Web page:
How to Change a Culture: If you want to redirect the behavior of a crowd, don’t be idealistic about human nature
The Boston University hockey team has a crisis on its hands. Last December, one player was charged with sexual assault; just a few months later, another was charged with rape. And though only two of the team’s players have been formally accused of wrongdoing—and the rape charge was dropped in June—there has been a sense ever since the scandal broke that their alleged crimes were not isolated incidents, but symptoms of something deeper.
Then, earlier this month, the task force conducting the investigation confirmed that suspicion. In a disturbing report, it identified a “culture of sexual entitlement” that had taken root among the players. This was not a matter of a few individuals that could simply be kicked off the team: It was something intangible and pervasive. Now, as the university responds to the problem, it faces the challenge of stamping that out. What it needs to do, in other words, is change a culture.
The notion of transforming a culture gets tossed around so frequently — by corporate consultants, political candidates, overexcited entrepreneurs — that it’s hard to appreciate just how difficult it can be. Culture, the mix of rituals, values, and traditions that defines a group, is tenacious and sticky. Whether the culture belongs to a sports team, a neighborhood, or a country, it persists because it’s one of the main ingredients in the glue that holds the group together—because it exists in the space between people, rather than residing in any one individual. Studies have recently shown that cultures can be almost unimaginably persistent. In Germany, for instance, towns in which Jews were blamed for the Black Plague still exhibited more anti-Semitism than other towns 600 years later.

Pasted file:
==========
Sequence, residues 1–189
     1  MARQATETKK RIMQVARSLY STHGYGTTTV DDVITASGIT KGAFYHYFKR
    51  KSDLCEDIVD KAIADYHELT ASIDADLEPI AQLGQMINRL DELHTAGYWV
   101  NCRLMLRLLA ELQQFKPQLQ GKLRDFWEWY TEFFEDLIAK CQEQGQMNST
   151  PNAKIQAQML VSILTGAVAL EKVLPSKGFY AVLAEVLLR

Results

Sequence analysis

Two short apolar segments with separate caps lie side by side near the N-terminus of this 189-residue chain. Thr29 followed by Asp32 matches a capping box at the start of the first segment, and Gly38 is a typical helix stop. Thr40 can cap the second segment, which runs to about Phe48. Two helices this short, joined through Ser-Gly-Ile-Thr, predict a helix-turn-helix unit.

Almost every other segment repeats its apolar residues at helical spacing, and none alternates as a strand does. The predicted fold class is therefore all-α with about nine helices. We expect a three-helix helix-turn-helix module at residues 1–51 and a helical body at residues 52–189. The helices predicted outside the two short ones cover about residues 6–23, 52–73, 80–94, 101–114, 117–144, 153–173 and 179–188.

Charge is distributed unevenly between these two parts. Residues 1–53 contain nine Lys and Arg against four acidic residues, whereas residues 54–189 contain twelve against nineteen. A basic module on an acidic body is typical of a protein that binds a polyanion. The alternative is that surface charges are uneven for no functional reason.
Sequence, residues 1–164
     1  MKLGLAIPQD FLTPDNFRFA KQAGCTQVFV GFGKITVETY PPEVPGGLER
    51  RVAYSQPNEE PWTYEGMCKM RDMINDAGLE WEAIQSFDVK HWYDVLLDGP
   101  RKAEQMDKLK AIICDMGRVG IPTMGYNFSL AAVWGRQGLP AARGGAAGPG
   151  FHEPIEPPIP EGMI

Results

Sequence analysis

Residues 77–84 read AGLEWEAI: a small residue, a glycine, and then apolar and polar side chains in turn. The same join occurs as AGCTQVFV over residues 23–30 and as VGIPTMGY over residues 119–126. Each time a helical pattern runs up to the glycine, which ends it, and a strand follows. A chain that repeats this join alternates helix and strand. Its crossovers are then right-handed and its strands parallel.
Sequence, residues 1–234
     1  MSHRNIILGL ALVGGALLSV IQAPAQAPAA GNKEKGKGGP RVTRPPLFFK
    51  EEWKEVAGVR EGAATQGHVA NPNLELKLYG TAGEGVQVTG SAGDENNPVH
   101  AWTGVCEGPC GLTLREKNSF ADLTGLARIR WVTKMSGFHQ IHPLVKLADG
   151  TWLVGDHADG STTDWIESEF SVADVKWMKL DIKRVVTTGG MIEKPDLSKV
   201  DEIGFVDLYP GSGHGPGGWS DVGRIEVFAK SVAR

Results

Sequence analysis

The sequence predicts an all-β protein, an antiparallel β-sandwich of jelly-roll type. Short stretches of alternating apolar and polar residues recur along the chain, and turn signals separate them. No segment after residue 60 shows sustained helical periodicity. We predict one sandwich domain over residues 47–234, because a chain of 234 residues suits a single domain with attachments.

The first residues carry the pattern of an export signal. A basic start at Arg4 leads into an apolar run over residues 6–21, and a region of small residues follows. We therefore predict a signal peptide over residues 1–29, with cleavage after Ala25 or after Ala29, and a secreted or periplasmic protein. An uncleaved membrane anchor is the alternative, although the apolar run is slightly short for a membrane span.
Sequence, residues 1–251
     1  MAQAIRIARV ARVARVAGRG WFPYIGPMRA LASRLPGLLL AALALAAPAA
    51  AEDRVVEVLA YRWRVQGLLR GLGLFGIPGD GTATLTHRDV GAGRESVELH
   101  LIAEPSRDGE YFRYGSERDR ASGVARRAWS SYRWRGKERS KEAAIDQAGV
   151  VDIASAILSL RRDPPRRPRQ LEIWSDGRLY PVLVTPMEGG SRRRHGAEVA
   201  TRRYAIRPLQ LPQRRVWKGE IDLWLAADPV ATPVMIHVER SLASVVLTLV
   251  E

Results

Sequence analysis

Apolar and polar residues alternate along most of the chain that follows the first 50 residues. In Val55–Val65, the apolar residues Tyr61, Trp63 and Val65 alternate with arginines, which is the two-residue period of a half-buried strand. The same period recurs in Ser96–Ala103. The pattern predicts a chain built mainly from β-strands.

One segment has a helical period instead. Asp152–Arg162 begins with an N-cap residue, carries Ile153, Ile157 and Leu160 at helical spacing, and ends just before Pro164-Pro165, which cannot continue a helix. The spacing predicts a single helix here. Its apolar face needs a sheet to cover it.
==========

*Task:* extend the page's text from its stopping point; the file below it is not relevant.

What researchers have found is that there are techniques for changing a culture that appear to work, but they are not always the obvious ones. Doing so in a way that produces lasting results, but doesn’t involve destroying the group entirely, requires finesse, subtlety, and patience. It also requires a certain suspension of optimism about human nature. To really change how a group of people thinks and behaves, it turns out, you don’t need to change what’s inside of them, or appeal to their inner sense of virtue. You just have to convince them that everybody else is doing it.